Bright shoulder? It may be warning sign of diabetes

This may be due to low levels of glycogen in the muscle.

Bright shoulder? It may be warning sign of diabetes
Image: Shutterstock

In a recent study, scientists have suggested that if a shoulder muscle appears unusually bright on ultrasound, it may be a warning sign of diabetes. The study which is being presented next week at the annual meeting of the Radiological Society of North America (RSNA), could allow for earlier interventions.

Ultrasound is normally used to analyze the source of pain in the shoulder. Over 10 years back, musculoskeletal radiologist Steven B. Soliman, D.O., from Henry Ford Hospital in Detroit, started seeing a pattern when pictures of the deltoid muscle, the biggest muscle of the shoulder, seemed bright on ultrasound.

The perceptions provoked Dr. Soliman and associates at Henry Ford to lead an investigation to check whether the brightness or echogenicity, of the shoulder muscle, could be prescient of diabetes.

Image of a deltoid muscle in a patient with type 2 diabetes. D - Deltoid, H - Humerus  CREDIT Radiological Society of North America
Image of a deltoid muscle in a patient with type 2 diabetes. D – Deltoid, H – Humerus
CREDIT
Radiological Society of North America

The outcomes uncovered that by utilizing the echogenicity of the muscle, radiologists could foresee type 2 diabetes, the most well-known sort of diabetes, in very nearly nine out of 10 patients. Brightness on ultrasound likewise was an exact indicator of pre-diabetes, a state of anomalous high glucose that for the most part advances to diabetes without changes in way of life.

For the study, scientists compiled 137 shoulder ultrasounds from patients with type 2 diabetes, including 13 with pre-diabetes. The researchers also obtained 49 ultrasounds from obese patients without diabetes.

Images of the shoulder showing reversal of the rotator cuff to deltoid gradient. Image A displays the normal gradient of the deltoid muscle to the supraspinatus tendon. Image B shows reversal of the normal gradient in a type 2 diabetic patient. D: Deltoid, S: Supraspinatus, H: Humerus  CREDIT Radiological Society of North America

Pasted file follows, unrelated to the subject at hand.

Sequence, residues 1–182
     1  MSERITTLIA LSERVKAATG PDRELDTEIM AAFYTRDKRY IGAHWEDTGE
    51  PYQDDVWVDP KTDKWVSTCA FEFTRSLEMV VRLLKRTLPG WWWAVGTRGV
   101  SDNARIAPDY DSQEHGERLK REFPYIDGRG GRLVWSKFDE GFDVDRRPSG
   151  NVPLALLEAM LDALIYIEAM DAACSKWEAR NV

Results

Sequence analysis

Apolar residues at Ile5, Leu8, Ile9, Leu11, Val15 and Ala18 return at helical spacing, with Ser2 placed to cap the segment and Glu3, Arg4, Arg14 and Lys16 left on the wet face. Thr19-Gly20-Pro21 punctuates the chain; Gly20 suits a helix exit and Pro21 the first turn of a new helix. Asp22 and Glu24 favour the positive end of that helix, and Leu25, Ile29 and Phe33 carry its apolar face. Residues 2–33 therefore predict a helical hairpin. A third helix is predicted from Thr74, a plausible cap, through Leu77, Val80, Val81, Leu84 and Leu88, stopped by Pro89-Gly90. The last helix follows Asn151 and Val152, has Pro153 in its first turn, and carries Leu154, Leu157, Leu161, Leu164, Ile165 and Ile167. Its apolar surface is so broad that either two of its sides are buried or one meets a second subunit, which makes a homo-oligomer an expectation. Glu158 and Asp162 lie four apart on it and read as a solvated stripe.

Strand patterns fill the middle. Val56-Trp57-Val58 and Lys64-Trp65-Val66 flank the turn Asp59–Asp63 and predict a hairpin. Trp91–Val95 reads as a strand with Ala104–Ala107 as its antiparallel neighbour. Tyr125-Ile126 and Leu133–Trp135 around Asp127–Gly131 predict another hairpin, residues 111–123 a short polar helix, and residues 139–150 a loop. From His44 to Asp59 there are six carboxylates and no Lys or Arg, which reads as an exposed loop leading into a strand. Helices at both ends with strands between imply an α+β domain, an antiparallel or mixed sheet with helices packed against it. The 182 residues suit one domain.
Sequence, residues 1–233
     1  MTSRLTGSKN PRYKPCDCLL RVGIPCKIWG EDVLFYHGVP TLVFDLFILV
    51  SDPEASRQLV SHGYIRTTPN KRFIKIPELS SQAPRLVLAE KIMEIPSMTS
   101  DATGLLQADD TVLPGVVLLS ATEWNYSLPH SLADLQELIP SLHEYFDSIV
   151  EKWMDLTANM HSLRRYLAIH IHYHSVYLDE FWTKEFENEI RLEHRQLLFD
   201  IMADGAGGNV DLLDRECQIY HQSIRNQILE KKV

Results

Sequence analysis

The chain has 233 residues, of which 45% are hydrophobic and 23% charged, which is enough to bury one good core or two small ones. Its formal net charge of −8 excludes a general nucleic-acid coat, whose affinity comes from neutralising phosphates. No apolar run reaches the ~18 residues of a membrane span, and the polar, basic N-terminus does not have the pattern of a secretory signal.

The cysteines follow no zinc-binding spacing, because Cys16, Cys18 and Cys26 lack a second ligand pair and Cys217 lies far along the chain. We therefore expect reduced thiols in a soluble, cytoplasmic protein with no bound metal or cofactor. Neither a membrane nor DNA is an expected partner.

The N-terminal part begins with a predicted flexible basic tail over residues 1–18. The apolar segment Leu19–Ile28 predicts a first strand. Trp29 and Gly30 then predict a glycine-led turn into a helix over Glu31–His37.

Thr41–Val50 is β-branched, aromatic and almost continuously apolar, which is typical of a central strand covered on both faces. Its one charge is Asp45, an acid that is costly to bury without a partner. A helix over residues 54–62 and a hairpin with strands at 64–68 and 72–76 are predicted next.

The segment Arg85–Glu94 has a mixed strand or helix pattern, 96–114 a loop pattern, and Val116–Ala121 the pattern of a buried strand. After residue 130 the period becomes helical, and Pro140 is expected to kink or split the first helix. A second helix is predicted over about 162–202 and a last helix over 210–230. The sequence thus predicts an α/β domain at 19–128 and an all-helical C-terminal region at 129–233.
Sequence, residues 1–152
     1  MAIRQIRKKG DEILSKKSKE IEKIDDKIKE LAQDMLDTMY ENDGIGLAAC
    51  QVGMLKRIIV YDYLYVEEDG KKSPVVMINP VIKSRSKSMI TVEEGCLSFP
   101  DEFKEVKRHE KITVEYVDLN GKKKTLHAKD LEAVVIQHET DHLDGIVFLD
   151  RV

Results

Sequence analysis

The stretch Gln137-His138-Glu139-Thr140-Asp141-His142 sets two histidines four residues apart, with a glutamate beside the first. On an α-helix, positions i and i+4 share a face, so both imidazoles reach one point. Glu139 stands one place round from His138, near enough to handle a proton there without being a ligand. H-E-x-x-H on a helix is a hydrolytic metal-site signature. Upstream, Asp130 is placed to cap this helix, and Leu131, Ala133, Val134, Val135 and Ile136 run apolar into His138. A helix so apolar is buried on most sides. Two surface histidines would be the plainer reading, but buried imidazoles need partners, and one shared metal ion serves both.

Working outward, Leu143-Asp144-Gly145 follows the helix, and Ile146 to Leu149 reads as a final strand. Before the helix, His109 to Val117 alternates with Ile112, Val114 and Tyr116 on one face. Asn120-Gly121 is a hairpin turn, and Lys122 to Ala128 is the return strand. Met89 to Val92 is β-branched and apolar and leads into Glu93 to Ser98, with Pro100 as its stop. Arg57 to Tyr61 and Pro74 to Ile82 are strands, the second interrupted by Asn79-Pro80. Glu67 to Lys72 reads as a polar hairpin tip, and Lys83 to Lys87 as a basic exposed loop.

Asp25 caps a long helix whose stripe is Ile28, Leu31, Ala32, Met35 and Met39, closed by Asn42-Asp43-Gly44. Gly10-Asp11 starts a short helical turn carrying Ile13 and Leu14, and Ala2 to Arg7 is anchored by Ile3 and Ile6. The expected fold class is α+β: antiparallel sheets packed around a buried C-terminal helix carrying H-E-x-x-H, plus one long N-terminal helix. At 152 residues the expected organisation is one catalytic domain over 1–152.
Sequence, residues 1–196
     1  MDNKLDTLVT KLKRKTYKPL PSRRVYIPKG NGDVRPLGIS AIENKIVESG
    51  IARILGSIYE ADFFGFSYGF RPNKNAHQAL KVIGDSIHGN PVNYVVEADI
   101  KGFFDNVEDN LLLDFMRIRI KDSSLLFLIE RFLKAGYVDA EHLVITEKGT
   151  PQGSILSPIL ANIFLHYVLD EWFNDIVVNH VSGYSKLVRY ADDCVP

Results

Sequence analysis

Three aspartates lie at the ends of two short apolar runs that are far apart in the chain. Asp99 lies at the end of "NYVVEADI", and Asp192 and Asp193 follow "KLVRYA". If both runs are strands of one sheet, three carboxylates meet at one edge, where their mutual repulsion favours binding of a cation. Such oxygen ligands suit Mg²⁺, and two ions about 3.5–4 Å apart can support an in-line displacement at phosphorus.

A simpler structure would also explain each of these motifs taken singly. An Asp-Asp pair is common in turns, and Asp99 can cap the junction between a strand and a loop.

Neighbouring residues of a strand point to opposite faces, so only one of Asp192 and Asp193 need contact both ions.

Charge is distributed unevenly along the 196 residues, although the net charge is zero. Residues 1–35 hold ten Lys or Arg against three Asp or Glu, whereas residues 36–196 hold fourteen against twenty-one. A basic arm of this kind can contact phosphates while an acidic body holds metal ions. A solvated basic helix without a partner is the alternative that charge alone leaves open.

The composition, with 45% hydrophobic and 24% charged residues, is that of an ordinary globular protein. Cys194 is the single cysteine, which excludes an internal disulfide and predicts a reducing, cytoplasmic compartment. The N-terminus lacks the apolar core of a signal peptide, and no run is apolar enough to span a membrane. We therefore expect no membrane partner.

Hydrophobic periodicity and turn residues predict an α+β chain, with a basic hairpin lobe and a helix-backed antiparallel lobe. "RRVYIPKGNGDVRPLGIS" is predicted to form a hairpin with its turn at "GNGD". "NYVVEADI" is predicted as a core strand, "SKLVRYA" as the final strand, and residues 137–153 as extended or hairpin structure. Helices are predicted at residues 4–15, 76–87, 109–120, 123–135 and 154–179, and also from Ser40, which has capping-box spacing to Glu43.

Images of the shoulder showing reversal of the rotator cuff to deltoid gradient. Image A displays the normal gradient of the deltoid muscle to the supraspinatus tendon. Image B shows reversal of the normal gradient in a type 2 diabetic patient. D: Deltoid, S: Supraspinatus, H: Humerus
CREDIT
Radiological Society of North America

The researchers showed the ultrasounds to two musculoskeletal radiologists who were unaware of whether the images came from patients with or without diabetes. The radiologists were asked to classify the patients, based on the brightness of their shoulder muscle, into one of three categories: normal, suspected diabetes and definite diabetes. A third musculoskeletal radiologist acted as an arbitrator in the cases where the other two radiologists disagreed.

The results showed that a consensus diagnosis of “definite diabetes” by the radiologists was a powerful predictor of diabetic status. Using the shoulder ultrasounds, the radiologists correctly predicted diabetes in 70 of 79 patients or 89 percent.

Dr. Soliman said, “We weren’t surprised that we had positive results because the shoulder muscle on patients with diabetes looked so bright on ultrasound, but we were surprised at the level of accuracy.”

Image of the normal deltoid muscle in an obese, non-diabetic patient. D - Deltoid, H - Humerus  CREDIT Radiological Society of North America
Image of the normal deltoid muscle in an obese, non-diabetic patient. D – Deltoid, H – Humerus
CREDIT
Radiological Society of North America

“A hyperechoic, or unusually bright-looking, deltoid muscle was also a strong predictor of pre-diabetes. The musculoskeletal radiologists assigned all 13 pre-diabetic ultrasounds to either the “suspected diabetes” or “definite diabetes” categories.”

“A lot of the patients weren’t even aware that they were diabetic or pre-diabetic. This lack of awareness is a major problem in the U.S.”

Dr. Soliman stated, “The reasons for the brighter-appearing shoulder muscle on ultrasound among patients with diabetes is not completely understood. But it is due to low levels of glycogen in the muscle, a key source of energy for the body that is stored primarily in the liver and muscles.”

An investigation of muscle biopsies in patients with diabetes discovered that muscle glycogen levels are diminished up to 65 percent. Earlier research has additionally demonstrated that the muscles of competitors seem more brilliant on ultrasound after exercise when their glycogen stores are drained.

Dr. Soliman said, “It could be that this appears in people with diabetes and pre-diabetes is related to the known problems with glycogen synthesis in their muscles because of their insulin abnormalities.”

If they see a bright shoulder muscle on ultrasound, radiologists at Henry Ford now put notes in their reports indicating that this observation has been linked to diabetes.

The researchers plan to continue studying the connection between shoulder muscle echogenicity and diabetes with an eye toward quantifying the phenomenon and seeing if it is reversible.

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